Who are you?

I amI’d like to ask you a question.  Not to worry; however, because this question does not contain a single, correct answer.  In a previous blog (see here), I shared what I believe is the single greatest cost of our standardized testing culture; the fact that it’s killing creativity.  Therefore, it’s only appropriate that I provide you with an opportunity to answer a question that is only limited by your imagination.  Okay, on to the question.


Yes, you read it right.  Who are you?

As part of my Lenses of Leadership program, I ask this same question to every student I work with (ages 6-18) and the conversation usually goes something like this…

Me:  Who are you?

Student:  I am ________________________ (insert name).

Me:  Is that it?

Student:  What are you talking about?

Me:  While your name is certainly important, it doesn’t even begin to describe WHO you are.

Student:  Okay, then who am I?

Me:  That’s not for me to decide.

Student:  Huh?

Me:  I want you to imagine an iceberg floating in the ocean.  Chances are the image in your mind is limited to the visible part of the iceberg, or the “tip”.  What we fail to recognize is the giant mass of ice that lies beneath the water.  In humans, the tip of the iceberg represents the WHAT we are, or WHAT we do (our name, age, profession, athletic abilities, hobbies, etc…).  The giant mass beneath the water; however, represents WHO we are (our character and values).  Sadly, it’s easy to lose focus of WHO we are in an effort to highlight, or embellish WHAT we do.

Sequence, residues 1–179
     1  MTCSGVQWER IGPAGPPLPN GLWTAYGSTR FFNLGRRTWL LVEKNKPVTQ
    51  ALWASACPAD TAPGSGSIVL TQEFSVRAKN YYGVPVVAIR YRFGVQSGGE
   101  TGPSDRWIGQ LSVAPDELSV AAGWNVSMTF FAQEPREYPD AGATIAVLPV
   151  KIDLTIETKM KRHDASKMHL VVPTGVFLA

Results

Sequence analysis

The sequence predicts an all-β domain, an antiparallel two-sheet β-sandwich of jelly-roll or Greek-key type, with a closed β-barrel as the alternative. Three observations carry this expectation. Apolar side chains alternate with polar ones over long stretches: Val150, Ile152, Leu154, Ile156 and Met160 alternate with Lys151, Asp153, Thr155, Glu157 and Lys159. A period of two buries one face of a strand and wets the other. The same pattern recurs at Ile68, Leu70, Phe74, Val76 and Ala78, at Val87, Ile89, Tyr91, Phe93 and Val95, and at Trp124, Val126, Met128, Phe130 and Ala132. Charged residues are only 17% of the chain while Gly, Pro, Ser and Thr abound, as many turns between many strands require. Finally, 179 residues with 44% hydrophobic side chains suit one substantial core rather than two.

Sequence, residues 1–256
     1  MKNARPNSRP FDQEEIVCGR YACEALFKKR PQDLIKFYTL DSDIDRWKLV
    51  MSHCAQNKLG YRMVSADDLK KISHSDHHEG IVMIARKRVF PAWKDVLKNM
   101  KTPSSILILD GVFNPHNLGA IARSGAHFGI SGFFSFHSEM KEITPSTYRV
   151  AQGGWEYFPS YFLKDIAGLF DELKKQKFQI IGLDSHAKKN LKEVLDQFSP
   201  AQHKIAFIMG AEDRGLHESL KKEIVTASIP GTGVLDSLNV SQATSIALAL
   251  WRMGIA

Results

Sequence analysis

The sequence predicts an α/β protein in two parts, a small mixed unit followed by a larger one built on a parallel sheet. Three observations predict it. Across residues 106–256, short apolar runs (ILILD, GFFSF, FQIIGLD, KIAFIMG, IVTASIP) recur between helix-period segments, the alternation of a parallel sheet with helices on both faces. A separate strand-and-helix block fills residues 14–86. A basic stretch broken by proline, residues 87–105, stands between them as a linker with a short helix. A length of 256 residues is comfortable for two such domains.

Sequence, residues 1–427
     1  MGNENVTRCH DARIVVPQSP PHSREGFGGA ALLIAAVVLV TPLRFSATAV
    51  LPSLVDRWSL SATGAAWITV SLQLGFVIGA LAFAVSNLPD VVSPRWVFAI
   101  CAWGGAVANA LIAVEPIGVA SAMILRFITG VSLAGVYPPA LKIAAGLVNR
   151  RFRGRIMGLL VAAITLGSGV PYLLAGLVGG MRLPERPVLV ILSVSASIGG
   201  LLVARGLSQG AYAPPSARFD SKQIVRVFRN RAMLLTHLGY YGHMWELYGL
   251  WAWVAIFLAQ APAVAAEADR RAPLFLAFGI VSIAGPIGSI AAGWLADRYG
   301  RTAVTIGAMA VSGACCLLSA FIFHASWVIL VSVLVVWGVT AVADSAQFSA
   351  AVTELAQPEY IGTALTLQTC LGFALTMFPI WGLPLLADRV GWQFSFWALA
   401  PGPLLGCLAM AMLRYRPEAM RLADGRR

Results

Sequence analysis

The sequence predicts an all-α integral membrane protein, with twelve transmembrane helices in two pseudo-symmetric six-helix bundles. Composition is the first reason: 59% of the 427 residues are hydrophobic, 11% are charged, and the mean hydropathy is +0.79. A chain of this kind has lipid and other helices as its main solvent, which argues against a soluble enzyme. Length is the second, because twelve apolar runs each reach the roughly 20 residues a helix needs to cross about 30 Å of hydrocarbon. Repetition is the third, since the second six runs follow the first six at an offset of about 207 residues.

Here’s the greatest part.  You get to decide each and every day WHO you are.  Just as companies create mission statements that seek to answer this question, so to can individuals.  Some call it a personal mission statement.  I like to call it your iLens.

Now, back to my original question – Who are you?

Student:  Hmmm…I never thought of it that way.  I want to think about this one.

I invite you to reconsider your answer to this question as well.  Take some time and really explore the depths of your iceberg.  What makes you unique?  What are your core values?  What is your passion?

There is something very powerful about the words that follow ‘I AM’, so don’t take your answer lightly.  Consider the fact that whatever follows ‘I AM’ will become WHO you are.  After all, WHO you are is much more important than WHAT you do.



  1. Great reflection on educational approach!

  2. This is a great article. I agree that we can get so caught up in surface features that we forget to delve deeper inside. Children too have been taught to not think deeply, but simply to regurgitate an answer to a question that someone else considers important for achieving a score on a test that will serve someone else’s (obscure) purpose. Asking this question “Who are you?” and then listening for the full answer, reminds me of what Stephen Grosz talks about in his book “The Examined Life” as being attentive. I have recently placed the following article referring to that on my blog. http://wp.me/p3O5Jj-bM

  3. We all–young people and adults–need to be reminded that our choices and actions determine who we are; that we need to live our lives by design, not default. Great article.

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